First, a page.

Two generations of ethnohistorical scholarship have successfully challenged the notion that the Spanish conquest was a cultural cataclysm for Mesoamerica’s indigenous peoples. The proof is in the provincial, municipal, and village archives of Mexico as well as repositories in Europe and North America, which contain a treasure trove of colonial-era codices, lienzos, maps, and native-language written records. The question of how native people modified their methods for recording the past in response to pressures imposed by conquest, colonialism, and evangelization, and to what end, has occupied center stage in this vein of scholarship. Amos Megged and Stephanie Wood’s rich collection of essays, organized around the theme of social memory, provides an overview of the state of the field through an interdisciplinary methodology and a longue durée approach.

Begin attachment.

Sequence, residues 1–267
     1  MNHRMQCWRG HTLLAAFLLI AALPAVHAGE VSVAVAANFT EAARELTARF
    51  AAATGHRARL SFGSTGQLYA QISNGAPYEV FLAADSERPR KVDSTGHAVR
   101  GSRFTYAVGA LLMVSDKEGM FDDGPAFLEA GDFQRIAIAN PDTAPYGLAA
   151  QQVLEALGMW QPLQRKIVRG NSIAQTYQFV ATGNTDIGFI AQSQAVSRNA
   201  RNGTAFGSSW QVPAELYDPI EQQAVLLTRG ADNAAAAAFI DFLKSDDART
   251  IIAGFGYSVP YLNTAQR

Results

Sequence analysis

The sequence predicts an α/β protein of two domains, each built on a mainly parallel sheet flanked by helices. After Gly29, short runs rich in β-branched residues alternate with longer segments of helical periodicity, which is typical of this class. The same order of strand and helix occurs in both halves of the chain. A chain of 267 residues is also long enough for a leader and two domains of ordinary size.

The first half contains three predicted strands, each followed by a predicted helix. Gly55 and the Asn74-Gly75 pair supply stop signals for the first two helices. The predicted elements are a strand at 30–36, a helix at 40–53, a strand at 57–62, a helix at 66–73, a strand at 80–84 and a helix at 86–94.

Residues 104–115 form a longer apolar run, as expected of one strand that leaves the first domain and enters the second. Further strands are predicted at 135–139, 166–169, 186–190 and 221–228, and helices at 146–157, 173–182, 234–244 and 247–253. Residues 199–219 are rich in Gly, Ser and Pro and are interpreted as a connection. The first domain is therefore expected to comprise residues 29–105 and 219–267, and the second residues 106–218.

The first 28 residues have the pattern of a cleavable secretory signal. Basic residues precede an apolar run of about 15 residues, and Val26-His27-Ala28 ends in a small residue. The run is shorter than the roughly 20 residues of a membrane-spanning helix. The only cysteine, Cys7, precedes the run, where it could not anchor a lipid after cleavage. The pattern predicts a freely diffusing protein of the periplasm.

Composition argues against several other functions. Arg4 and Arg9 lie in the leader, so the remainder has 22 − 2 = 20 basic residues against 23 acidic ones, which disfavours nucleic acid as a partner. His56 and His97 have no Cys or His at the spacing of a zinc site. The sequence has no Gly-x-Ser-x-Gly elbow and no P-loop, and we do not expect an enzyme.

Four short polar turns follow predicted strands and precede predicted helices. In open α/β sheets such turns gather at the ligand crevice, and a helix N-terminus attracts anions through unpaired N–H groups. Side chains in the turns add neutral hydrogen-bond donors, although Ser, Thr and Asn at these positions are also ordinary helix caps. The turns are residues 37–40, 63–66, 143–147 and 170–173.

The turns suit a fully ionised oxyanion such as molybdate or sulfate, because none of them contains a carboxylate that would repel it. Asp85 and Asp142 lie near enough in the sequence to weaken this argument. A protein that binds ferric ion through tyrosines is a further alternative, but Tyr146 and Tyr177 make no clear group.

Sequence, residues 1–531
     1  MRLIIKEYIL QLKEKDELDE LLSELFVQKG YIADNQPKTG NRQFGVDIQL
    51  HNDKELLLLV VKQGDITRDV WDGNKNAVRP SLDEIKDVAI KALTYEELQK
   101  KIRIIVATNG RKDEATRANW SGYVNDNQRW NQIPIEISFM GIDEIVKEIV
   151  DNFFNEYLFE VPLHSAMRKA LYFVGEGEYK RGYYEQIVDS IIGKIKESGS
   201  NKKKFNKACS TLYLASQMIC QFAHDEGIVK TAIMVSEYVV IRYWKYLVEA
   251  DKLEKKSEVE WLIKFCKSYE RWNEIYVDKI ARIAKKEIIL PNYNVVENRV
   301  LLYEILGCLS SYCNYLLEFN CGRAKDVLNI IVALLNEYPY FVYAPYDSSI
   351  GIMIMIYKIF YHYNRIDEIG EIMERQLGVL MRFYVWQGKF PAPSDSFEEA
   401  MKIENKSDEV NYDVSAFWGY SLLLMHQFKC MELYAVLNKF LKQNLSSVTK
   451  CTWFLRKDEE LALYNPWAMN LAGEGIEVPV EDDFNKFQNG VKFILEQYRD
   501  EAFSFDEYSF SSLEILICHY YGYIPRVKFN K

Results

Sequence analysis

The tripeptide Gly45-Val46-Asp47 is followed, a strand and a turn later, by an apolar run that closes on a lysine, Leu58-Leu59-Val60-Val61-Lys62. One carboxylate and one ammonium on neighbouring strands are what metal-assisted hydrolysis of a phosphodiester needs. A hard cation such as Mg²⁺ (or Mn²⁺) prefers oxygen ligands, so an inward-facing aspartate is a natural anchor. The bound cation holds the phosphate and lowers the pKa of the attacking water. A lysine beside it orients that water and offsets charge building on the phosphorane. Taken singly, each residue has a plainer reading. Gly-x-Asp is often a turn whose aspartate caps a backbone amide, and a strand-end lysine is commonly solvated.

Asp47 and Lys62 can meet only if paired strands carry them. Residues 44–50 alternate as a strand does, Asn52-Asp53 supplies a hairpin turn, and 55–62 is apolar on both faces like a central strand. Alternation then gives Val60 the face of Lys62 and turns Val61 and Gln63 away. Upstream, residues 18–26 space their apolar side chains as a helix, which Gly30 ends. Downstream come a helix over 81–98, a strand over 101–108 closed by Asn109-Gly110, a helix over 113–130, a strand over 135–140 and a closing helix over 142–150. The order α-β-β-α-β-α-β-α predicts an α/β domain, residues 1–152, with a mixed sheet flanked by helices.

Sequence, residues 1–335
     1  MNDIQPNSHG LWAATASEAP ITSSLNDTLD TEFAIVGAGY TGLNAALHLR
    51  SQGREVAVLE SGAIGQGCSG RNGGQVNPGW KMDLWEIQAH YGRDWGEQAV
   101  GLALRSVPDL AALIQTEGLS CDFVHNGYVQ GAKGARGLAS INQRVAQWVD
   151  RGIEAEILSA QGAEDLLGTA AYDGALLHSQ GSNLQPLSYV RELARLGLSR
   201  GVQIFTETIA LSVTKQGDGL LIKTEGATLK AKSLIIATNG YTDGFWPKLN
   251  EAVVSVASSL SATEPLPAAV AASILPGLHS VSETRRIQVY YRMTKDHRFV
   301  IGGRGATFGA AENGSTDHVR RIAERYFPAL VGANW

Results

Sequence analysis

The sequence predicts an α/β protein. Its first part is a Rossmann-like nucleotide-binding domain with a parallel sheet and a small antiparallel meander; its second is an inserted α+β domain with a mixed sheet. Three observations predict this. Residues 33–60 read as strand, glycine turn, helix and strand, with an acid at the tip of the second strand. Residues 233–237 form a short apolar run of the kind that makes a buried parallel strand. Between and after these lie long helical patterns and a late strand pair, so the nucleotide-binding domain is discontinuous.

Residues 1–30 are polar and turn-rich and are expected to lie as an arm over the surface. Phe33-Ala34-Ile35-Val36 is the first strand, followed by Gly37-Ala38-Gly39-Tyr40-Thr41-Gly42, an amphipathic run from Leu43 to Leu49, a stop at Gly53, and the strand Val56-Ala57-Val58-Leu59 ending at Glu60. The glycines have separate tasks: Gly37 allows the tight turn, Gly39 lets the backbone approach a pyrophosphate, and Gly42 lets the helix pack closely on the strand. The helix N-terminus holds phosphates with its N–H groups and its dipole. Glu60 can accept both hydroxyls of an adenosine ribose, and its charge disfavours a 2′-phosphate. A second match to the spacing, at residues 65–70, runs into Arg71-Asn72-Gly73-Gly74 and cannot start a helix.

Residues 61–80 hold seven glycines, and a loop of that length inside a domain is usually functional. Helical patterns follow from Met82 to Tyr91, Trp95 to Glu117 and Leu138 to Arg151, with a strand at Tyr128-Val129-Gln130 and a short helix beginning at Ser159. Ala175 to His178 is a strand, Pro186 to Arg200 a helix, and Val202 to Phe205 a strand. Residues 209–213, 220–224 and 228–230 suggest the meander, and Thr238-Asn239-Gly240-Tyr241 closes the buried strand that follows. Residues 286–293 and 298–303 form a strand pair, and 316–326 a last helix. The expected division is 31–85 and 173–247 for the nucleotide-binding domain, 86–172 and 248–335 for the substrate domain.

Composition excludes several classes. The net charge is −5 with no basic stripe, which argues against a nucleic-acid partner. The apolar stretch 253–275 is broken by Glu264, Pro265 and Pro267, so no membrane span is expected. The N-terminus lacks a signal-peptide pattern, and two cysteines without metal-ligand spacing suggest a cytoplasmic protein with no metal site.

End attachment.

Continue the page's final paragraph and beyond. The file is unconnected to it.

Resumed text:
Wood acknowledges in the introduction that the volume owes its primary intellectual debts to James...

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